Accidents are not invariably unfortunate incidents, besides they could be birth of a new life or invention too – having cooked with a wrong recipe, yet the food eventuated to taste really good than the original, for instance. It has been happening all the way throughout history and here are 15 such accidental inventions that we use in our life.
Let’s start with food!
When a customer in Carey Moon Lake house in Saratoga Springs, kept sending back his plate of potatoes to the waiter many times, asking for a more fried and thinner potato, the Chef ‘George Speck’ got irritated and sliced the potatoes insanely thin and fried them until it was hard enough to break them into pieces.
To their surprise, the complaining customer was so convinced that he wanted more of the kind. They branded it ‘Saratoga Chips’, later then it just became ‘potato chips’. And that’s how the favorite snack of the world – Potato chips were born.
Next comes the corn flakes, the morning breakfast for many. This story is something which bachelors used to do. Two brothers John Kellogg and Will Kellogg accidentally left a pot of boiled grain on the stove for more than one-day. After realizing it, and instead of throwing it, they observed that the grain was dry and thick besides being moldy. They then experimented to eliminate the mold part and arrived at the famous ‘Kellogg’s Corn Flakes’, which they patented as a company and started producing for the public.
How many years old were you knowing that Coca Cola was actually invented as a tonic-syrup? Yeah. John Pemberton, a pharmacist from Atlanta who got a saber wound on his chest, soon became addicted to the morphine used to ease his pain. Seeking a cure for his addiction of morphine, he began trying morphine-free alternatives. When he experimented with coca and coca wines, Pemberton’s French Wine Coca was made. Then, in 1885, when Atlanta banned sale of alcohol, he replaced wine with carbonated water and named it “valuable brain tonic” that would cure headaches, relieve exhaustion and calm nerves.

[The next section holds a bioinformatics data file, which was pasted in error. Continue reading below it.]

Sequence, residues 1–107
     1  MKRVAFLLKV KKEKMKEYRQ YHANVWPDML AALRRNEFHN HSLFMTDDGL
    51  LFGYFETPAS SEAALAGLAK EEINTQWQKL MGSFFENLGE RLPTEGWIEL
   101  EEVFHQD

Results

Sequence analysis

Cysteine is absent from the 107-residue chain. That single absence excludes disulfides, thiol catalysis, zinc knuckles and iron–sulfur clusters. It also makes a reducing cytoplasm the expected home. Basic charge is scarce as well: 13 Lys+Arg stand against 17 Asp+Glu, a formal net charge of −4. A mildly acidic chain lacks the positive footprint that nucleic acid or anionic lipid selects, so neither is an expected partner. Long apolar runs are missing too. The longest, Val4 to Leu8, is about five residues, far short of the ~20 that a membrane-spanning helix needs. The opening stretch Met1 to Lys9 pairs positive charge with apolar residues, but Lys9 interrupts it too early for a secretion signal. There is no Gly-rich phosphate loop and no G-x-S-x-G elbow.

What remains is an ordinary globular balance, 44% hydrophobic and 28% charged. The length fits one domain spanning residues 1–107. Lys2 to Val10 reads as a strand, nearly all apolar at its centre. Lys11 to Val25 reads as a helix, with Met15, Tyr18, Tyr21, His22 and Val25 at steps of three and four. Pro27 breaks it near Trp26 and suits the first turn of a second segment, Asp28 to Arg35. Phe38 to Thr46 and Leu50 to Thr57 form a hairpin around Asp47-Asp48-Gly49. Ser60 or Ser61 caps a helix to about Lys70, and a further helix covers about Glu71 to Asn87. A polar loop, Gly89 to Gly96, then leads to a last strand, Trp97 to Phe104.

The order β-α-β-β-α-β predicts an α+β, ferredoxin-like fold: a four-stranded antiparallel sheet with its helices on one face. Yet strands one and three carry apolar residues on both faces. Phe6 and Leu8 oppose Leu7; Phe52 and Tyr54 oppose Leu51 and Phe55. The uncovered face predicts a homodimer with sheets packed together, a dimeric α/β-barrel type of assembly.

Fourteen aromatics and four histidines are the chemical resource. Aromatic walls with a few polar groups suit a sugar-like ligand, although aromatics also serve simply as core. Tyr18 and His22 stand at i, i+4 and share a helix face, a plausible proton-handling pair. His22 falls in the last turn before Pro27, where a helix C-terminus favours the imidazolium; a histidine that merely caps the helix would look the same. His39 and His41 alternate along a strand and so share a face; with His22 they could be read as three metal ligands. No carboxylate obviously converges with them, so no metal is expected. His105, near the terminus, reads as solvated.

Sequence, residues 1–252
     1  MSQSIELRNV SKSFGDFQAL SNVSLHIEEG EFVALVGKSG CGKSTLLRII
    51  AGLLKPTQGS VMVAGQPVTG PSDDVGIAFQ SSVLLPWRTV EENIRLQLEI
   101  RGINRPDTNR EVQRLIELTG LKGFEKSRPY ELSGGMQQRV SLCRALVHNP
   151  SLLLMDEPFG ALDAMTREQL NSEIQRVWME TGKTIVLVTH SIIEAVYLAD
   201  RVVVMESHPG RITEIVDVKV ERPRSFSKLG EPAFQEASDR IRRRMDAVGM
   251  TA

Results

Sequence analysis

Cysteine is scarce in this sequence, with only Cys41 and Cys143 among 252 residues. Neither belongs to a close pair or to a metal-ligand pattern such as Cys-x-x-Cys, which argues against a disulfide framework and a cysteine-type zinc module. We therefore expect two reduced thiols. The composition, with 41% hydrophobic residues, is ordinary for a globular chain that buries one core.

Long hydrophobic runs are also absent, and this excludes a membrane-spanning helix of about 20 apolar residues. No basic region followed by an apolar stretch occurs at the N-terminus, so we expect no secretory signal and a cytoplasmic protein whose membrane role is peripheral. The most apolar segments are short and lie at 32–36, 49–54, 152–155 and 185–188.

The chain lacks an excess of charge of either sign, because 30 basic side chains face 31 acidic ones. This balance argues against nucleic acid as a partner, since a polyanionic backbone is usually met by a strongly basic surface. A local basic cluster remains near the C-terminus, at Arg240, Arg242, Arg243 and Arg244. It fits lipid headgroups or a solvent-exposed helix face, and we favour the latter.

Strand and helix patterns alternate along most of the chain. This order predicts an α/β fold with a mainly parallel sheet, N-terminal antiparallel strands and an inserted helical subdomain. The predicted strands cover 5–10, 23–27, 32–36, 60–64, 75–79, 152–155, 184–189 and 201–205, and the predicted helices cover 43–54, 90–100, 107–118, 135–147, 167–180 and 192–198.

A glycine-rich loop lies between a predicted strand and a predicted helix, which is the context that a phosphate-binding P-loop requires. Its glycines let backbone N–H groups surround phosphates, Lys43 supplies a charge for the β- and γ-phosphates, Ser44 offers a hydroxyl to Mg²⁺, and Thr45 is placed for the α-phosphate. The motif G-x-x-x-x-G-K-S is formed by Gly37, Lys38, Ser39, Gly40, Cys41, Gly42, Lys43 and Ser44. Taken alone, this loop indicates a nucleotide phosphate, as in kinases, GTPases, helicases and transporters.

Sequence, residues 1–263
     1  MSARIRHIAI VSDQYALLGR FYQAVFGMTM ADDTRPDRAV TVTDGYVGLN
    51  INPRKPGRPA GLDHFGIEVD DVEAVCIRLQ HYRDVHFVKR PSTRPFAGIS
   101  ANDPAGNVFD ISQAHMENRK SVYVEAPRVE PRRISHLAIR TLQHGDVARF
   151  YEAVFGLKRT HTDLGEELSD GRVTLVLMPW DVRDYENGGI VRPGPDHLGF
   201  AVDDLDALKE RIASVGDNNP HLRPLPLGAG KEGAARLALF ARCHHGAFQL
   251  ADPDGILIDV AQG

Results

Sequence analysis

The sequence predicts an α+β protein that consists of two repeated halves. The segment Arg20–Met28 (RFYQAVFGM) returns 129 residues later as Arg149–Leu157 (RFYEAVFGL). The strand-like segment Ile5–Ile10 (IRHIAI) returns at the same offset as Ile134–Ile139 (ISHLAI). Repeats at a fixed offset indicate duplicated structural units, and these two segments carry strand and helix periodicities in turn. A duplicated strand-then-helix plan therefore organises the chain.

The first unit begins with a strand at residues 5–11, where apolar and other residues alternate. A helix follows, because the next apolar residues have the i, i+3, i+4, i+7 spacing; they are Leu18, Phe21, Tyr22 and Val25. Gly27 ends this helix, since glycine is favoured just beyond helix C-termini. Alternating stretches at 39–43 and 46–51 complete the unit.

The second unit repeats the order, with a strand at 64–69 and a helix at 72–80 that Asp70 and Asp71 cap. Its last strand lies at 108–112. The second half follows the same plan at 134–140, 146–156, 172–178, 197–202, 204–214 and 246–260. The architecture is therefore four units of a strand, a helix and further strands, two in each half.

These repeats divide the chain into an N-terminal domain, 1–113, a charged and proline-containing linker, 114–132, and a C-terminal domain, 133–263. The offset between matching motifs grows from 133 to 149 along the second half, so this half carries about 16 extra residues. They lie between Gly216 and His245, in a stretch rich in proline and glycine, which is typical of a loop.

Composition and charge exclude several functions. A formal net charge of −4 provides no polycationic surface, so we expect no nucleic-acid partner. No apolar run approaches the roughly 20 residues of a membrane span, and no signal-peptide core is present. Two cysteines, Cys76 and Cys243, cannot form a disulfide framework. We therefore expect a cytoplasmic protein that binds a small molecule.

Boom, Coca-Cola was born.
In aim to ease the transport of wine, a Dutch Shipmaster decided to boil the wine and concentrating alcohol, with a plan to add water to it once he arrived at the destination. What he discovered was that the concentrated wine tasted way better than the watered-down wine and withdrew his watering part of the wine and called the new alcohol ‘Brandewijn’ meaning “burnt wine” in Dutch.
Alexander Fleming was searching for a “wonder drug” that could cure diseases. It was not until Fleming fed up of his efforts & left behind the samples as it was, the penicillin was found. When he noticed a contaminated petri dish which he had discarded, contained a fungus that was dissolving all the bacteria around it. Digging into the issue, he grew the mold by itself and he came to know that it was the powerful antibiotic, he had put efforts for.
First calling it “mold juice,” Fleming rebranded it as “penicillin.” It was the first antibiotic discovered and is a treatment that has helped save countless lives.
Percy Spencer, an engineer was conducting a radar-related research project with a new vacuum tube called ‘magnetron’. He recognized that the candy-bar in his pocket began to melt due to the heat during his experiments. When popcorn was put into the tube, it started to pop, and he knew that he became a scientist, sketching out the revolutionary ‘microwave oven’.
John Hopps who was an electrical engineer, conducted research on hypothermia and was trying to use radio frequency heating to restore body temperature.
During his experiment he realized if a heart stopped beating due to cooling, it could be started again by artificial stimulation. This realization led to the pacemaker.
In 1895 a physics professor Wilhelm Conrad Rontgen was working on a cathode ray tube when he shielded the tube with thick paper and discovered a fluorescent light generated by a material located near the tube. He concluded that a new type of ray was being emitted from the tube. Further investigation soon found that the new ray could pass through most substances while casting shadows of solid objects and paving the way to X-rays as we know them.